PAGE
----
The ideology was intended to manage the population through the production of belief, a technique most effective in the young—Mussolini’s most famous slogan, “Credere, Ubbidire, Combattere,”(”Believe, Obey, Fight”) was posted in every classroom. The Opera Nazionale Balilla (founded in 1926) absorbed and unified all various youth groups into a single cohesive entity and offered Balilla Youth between the ages of eight and fourteen after-school activities including sports, gymnastics, military drills with dummy rifles, and excursions to holiday colonies by the sea or in the mountains.
Idyllic spaces and panoramic views coincided with obedience, effort, and militarism. Comradeship was instilled in the Balilla Youth—who played, ate, slept, and marched together—in an attempt to dislodge older allegiances to place, church, and family.1 Leisure time was being colonized with a view to regulating both consciousness and space.2 Everyone was to be trained in the ways of Fascism, preparing them for a world of work, war, and mass culture.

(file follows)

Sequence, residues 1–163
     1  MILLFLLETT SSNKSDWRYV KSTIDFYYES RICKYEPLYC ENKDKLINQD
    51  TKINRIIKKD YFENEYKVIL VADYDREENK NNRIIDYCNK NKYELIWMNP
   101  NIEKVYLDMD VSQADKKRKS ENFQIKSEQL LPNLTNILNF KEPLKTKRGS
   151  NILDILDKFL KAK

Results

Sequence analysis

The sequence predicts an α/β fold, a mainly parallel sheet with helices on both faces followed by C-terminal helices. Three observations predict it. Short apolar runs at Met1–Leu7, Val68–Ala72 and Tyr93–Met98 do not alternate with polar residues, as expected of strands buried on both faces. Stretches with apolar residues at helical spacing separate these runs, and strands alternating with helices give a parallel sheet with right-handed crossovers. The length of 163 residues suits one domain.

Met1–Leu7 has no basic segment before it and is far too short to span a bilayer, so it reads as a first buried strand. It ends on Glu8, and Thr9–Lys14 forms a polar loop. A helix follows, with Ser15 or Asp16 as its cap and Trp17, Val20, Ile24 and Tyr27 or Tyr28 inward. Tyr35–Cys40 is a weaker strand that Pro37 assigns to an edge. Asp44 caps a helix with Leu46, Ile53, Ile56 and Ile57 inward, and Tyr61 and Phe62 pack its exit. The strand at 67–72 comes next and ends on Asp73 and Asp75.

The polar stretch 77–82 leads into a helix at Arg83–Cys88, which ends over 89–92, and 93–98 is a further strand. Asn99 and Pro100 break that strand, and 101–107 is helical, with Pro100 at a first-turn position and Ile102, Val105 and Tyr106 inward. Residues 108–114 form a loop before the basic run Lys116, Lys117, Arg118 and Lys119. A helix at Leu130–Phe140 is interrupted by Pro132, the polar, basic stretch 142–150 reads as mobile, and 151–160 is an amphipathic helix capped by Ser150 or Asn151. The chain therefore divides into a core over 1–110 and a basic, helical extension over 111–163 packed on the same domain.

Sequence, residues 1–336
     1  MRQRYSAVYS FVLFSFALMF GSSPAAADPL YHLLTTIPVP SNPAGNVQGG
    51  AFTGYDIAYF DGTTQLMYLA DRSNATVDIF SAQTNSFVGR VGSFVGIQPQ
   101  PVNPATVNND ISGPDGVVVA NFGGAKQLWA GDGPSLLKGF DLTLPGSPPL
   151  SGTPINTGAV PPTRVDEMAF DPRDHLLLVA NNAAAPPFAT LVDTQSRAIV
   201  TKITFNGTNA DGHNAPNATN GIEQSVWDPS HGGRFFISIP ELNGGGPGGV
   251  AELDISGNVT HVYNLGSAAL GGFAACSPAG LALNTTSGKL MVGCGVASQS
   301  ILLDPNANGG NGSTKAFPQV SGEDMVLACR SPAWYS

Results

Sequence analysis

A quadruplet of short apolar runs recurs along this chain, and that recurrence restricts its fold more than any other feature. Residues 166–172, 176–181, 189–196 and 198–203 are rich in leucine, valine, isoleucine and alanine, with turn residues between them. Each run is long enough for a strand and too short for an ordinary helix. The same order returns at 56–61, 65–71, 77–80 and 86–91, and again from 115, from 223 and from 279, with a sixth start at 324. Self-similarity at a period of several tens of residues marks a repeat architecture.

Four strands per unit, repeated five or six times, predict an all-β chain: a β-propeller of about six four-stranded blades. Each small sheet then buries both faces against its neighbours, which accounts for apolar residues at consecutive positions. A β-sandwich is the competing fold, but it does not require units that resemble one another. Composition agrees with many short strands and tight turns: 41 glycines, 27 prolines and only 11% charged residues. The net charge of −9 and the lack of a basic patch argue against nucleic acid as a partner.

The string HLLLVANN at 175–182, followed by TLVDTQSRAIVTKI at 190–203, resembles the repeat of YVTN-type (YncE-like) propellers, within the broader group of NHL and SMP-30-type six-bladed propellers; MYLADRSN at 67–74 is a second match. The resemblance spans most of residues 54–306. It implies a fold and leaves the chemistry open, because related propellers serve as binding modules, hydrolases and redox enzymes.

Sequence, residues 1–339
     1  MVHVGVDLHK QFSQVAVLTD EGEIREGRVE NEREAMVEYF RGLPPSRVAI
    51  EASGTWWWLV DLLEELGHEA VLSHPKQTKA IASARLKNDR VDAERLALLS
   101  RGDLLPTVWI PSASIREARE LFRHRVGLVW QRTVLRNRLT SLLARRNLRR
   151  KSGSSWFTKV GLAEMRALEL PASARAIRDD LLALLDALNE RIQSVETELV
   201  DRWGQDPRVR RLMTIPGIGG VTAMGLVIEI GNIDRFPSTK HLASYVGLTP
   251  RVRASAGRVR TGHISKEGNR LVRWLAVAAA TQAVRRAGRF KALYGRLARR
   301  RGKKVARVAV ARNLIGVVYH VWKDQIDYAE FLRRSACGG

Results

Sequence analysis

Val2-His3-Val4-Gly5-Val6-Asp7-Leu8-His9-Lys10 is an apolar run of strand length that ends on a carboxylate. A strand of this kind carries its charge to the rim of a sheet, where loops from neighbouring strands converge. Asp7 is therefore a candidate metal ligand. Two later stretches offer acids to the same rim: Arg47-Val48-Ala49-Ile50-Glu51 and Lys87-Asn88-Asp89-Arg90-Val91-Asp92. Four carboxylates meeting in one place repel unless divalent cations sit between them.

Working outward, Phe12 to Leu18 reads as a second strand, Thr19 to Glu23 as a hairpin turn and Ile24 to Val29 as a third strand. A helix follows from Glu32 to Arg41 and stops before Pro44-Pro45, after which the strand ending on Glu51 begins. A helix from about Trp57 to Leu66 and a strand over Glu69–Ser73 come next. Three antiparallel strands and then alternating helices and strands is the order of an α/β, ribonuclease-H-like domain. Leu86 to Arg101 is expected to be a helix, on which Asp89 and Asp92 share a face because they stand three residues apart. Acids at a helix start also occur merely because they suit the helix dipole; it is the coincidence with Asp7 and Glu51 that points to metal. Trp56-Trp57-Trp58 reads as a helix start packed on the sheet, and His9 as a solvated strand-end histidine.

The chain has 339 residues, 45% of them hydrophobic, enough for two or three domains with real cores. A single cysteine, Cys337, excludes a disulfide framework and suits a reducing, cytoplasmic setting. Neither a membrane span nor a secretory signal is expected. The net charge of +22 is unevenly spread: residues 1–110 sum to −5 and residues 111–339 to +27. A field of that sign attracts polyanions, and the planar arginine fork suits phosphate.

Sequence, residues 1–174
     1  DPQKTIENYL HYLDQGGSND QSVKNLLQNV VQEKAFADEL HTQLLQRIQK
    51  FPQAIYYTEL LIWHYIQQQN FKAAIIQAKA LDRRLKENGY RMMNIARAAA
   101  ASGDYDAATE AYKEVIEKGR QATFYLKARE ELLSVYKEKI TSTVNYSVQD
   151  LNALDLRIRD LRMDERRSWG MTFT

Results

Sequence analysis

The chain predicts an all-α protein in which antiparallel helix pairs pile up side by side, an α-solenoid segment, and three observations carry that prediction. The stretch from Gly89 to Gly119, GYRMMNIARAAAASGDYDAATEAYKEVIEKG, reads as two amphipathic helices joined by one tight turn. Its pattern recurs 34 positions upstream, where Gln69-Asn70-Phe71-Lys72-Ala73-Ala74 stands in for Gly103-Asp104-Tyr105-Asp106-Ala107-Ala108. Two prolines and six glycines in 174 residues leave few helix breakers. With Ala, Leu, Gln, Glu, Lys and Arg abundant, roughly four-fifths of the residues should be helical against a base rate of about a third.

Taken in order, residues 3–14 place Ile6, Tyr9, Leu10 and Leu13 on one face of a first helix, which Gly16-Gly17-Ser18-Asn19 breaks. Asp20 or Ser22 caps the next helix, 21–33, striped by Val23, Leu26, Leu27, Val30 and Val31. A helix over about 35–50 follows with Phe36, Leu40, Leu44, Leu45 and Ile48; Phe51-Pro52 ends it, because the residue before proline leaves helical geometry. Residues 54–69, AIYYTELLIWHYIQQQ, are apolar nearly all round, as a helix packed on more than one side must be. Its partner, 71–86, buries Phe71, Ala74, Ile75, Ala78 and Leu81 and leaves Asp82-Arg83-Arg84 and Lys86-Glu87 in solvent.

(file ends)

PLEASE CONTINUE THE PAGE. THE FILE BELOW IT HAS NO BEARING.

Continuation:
MODERNITY AND THE COLONIA
Some of the colonies were indeed designed to look nautical, through the use of portholes, decks, and streamlined profiles. A colony at Chiavari looks like a thirteen-story conning tower, while the Novarese colony (built in 1934 in just over four months) appears like a cross between a warship and a modern sphinx. “Le Navi,” designed by Clemente Busiri Vici and built in 1932, is the most explicit example of the nautical style to be found in Europe, certainly in the 1930s: four dormitory wings (only two now remain) in the shape of futuristic ships are drawn up on the sand, arranged around a central block that houses offices and a refectory.